From Our 2012 Archives
Stress in Parents Linked to Obesity in Kids
By Denise Mann
Reviewed by Brunilda Nazario, MD
Oct. 22, 2012 -- One in three kids in America is overweight or obese, and having stressed-out parents may be contributing to these rates, a new study suggests.
The more stress the parents report, the more likely their children are to be overweight or obese, the research shows.
Why? For starters, stressed-out parents and caregivers are more likely to frequent fast food restaurants for themselves and their families, and are more likely to engage in "haphazard meal planning."
In the new study, 2,119 parents and caregivers answered questions about themselves and their children who were aged 3 to 17. Researchers measured the number of stressors and parents' self-reports of the stress in their lives.
Parents' stress did not seem to affect the amount of fruits and vegetables the children ate or their physical activity levels.
Stressed-Out Parents and Obese Children: What's the Link?
Some families in the study were more vulnerable to the effect of stress on their weight. These "high-risk" groups include:
Eleanor Mackey, PhD, is a child psychologist at Children's National Medical Center in Washington, D.C. "We do see this in clinical practice," she says. "Parents are often stressed and have a hard time providing healthy options."
The easy defaults are unhealthy -- namely high-fat fast foods.
"You have a hard day at work, and trying to get a nutritious meal on the table can be overwhelming and expensive," she says. "It can be difficult to raise healthy kids without adequate resources."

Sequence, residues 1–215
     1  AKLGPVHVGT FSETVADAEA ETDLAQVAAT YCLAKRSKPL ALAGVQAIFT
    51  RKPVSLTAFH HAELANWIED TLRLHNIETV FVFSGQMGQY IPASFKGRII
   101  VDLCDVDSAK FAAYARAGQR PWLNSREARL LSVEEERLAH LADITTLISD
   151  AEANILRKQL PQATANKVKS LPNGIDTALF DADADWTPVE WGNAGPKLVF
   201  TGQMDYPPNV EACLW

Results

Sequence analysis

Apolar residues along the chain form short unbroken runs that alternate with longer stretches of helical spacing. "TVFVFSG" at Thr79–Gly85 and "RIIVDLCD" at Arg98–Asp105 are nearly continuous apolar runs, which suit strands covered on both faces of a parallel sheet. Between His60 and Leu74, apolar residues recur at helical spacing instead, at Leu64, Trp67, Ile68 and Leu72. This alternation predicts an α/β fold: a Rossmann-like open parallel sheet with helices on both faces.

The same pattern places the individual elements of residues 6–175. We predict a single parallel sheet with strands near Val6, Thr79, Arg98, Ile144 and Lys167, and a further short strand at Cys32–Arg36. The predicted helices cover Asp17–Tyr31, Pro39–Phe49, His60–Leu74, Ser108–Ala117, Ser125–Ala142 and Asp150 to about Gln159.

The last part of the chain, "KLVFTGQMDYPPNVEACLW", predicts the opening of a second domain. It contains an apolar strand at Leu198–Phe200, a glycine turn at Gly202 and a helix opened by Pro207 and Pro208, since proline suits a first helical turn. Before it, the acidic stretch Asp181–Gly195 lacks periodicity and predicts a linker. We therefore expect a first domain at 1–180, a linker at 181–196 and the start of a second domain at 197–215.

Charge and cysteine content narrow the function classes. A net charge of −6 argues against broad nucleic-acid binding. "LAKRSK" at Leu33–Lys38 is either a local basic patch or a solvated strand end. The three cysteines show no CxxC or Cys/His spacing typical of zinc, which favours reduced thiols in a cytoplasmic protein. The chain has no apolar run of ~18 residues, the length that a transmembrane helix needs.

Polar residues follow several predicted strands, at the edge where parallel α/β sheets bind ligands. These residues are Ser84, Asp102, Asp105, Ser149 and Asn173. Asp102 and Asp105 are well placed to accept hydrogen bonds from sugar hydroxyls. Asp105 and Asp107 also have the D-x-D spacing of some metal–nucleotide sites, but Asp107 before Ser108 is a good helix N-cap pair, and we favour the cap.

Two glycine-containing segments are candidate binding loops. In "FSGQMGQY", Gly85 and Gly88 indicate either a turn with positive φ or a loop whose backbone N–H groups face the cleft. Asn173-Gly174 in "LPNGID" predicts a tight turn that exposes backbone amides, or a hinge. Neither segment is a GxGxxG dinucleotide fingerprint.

Fresh produce is pricey, but low-salt frozen and canned vegetables are less expensive alternatives.
Parents can also take time to de-stress, which will be beneficial for everyone, Mackey says.
It's not just lack of physical activity and the wrong food that lead to obesity, says Nancy Copperman, RD. She is the director of public health initiatives at the North Shore-LIJ Health System in Great Neck, N.Y. "We often don't think of other lifestyle or social factors when we talk about obesity with families."
The new study suggests we should consider other factors, namely stress.
"It highlights that some families may be at risk for obesity due to stress," she says. "We need to look at single parents and realize that they are at higher risk, and teach them how to deal with stress in a healthy way. We can also teach meal planning that will allow these families to put healthier foods on the table."
If everyone is eating healthier, parents may feel better about themselves and lower their stress levels in the process.
The findings appear in Pediatrics.
SOURCES: Parks, E.P. Pediatrics, October 2012. Nancy Copperman, RD, director, public health initiatives, North Shore-LIJ Health System, Great Neck, N.Y. Eleanor Mackey, PhD, child psychologist, Children's National Medical Center in Washington, D.C.
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